In some cases, eosinophilic fasciitis can be associated with another disorder such acquired aplastic anemia, hemolytic anemia, myelodysplastic syndromes, myeloproliferative disorders, lymphoma, leukemia, thyroid disorders, and primary biliary cirrhosis. The relationship between these disorders and eosinophilic fasciitis, if any, is not completely understood. (For more information on these disorders, choose the specific disorder name as your search term in the Rare Disorders Database.)
Eosinophilic fasciitis affects both sexes. Some reports suggest that women are affected with greater frequency than men. The disorder can occur at any age (with age at diagnosis having ranged from 1-88), but most often occurs in individuals between 30-60 years of age. It occurs with greater frequency in Caucasians. Approximately 300 cases have been reported in the medical literature.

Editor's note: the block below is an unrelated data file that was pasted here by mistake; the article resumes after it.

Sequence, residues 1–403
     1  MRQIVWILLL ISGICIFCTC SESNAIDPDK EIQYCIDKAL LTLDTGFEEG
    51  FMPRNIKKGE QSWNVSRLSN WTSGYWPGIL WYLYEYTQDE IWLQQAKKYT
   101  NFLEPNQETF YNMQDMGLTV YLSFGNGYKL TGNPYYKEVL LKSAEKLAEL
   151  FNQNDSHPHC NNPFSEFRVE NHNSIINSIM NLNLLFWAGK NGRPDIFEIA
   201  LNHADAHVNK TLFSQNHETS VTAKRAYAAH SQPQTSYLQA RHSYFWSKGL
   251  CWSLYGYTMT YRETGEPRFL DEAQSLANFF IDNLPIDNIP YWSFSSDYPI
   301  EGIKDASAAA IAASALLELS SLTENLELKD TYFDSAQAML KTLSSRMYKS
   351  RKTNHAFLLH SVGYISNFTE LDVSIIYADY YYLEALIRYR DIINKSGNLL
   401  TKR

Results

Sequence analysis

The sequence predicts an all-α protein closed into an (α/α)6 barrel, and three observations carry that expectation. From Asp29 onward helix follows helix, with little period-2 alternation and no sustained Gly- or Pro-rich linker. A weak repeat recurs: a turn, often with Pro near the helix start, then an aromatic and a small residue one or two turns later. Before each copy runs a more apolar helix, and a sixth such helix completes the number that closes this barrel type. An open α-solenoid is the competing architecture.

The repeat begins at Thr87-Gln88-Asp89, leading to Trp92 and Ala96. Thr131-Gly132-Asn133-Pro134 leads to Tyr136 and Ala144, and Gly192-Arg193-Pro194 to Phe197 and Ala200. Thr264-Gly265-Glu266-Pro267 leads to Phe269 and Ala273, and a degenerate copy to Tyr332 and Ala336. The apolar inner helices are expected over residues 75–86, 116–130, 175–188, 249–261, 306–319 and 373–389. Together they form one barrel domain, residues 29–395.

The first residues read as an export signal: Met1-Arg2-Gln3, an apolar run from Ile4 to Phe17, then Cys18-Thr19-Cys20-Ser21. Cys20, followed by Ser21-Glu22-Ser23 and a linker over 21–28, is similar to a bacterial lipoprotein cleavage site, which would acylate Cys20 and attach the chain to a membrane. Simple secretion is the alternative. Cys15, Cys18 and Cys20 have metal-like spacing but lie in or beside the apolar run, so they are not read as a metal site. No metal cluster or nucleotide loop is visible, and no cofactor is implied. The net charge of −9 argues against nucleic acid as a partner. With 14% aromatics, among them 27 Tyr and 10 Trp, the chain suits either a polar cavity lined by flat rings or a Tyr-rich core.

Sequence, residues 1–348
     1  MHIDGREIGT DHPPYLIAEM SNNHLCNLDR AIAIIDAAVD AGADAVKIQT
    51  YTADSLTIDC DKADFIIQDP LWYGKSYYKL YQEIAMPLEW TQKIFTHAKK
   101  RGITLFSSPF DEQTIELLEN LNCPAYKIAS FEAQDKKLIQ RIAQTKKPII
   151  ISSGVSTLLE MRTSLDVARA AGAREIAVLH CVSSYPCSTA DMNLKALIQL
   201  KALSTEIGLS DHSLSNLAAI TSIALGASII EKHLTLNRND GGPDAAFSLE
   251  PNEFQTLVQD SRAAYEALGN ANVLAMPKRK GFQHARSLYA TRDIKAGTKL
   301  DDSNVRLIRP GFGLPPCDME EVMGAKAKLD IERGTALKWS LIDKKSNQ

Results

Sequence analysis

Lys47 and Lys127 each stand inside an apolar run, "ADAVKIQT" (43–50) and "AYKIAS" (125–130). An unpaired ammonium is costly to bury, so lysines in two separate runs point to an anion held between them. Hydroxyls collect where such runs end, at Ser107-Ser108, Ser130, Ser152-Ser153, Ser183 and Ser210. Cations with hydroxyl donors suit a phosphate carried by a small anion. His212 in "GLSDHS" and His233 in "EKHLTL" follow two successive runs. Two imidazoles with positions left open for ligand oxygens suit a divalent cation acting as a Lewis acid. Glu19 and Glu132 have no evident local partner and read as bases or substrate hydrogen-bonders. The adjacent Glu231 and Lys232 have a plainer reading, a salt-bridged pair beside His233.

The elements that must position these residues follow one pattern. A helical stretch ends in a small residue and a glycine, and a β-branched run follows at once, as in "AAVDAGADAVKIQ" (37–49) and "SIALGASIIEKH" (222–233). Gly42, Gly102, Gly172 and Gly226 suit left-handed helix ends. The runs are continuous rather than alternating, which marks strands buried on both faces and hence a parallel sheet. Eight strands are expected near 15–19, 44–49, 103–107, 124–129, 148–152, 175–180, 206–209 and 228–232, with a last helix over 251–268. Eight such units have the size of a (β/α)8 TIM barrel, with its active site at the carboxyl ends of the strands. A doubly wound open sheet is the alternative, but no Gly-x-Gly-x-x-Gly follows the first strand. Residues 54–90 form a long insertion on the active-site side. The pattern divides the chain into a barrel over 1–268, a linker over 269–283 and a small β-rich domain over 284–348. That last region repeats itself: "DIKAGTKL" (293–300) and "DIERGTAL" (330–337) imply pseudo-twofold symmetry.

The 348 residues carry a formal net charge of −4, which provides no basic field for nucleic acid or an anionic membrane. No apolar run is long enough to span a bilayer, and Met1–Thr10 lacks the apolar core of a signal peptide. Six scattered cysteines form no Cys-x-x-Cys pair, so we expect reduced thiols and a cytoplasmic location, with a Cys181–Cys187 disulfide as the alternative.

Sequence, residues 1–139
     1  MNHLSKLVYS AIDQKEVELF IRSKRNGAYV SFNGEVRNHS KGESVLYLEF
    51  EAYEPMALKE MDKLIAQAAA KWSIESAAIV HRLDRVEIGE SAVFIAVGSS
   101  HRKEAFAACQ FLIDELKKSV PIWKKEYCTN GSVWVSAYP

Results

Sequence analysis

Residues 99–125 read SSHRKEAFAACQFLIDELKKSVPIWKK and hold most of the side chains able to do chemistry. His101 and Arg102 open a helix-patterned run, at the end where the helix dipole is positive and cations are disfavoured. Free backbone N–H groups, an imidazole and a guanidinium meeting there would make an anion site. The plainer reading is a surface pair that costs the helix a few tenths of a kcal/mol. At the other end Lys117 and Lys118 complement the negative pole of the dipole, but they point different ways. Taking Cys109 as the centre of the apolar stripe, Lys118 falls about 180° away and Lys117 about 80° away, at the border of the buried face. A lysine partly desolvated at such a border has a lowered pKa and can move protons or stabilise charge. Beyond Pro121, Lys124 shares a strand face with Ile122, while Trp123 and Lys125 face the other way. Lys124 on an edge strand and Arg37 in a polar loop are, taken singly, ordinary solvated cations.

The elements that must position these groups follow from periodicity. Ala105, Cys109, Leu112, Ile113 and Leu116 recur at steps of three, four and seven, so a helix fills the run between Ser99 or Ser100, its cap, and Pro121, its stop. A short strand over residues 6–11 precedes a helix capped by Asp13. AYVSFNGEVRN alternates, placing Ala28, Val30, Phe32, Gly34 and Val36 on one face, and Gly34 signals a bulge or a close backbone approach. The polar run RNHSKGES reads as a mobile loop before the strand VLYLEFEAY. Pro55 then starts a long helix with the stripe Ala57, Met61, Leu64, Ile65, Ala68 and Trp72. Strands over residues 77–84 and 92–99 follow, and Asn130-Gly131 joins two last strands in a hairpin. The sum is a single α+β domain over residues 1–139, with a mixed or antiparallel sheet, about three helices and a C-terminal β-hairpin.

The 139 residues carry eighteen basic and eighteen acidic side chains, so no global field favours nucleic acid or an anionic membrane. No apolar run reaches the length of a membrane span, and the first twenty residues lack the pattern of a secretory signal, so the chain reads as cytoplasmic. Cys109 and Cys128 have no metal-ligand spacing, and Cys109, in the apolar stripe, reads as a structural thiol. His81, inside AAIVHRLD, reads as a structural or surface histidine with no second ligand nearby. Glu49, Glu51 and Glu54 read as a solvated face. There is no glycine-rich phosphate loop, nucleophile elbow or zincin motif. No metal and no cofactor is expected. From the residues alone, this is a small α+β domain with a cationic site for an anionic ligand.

Symptoms of the following disorders can be similar to those of eosinophilic fasciitis. Comparisons may be useful for a differential diagnosis.